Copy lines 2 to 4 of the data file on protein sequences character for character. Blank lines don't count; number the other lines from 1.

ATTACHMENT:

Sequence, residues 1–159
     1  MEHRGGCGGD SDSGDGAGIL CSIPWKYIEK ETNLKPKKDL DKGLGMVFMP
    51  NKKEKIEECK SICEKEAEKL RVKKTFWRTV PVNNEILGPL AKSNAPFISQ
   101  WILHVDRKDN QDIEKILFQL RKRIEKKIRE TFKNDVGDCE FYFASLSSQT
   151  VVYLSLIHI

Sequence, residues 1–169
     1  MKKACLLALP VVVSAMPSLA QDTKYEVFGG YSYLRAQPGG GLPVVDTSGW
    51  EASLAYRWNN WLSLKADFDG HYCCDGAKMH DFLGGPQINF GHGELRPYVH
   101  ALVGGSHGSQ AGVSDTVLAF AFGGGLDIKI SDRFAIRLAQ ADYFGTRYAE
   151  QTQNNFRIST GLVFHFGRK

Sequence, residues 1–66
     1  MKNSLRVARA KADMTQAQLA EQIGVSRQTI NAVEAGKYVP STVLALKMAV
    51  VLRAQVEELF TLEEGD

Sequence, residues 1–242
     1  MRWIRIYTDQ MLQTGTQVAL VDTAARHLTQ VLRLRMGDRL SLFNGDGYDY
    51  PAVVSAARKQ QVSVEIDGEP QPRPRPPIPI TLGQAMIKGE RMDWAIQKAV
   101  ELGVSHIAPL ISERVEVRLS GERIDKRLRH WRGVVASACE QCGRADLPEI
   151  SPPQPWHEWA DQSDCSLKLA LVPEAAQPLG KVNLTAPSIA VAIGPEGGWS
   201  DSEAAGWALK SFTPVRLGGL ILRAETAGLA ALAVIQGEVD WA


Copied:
     1  MEHRGGCGGD SDSGDGAGIL CSIPWKYIEK ETNLKPKKDL DKGLGMVFMP
    51  NKKEKIEECK SICEKEAEKL RVKKTFWRTV PVNNEILGPL AKSNAPFISQ
   101  WILHVDRKDN QDIEKILFQL RKRIEKKIRE TFKNDVGDCE FYFASLSSQT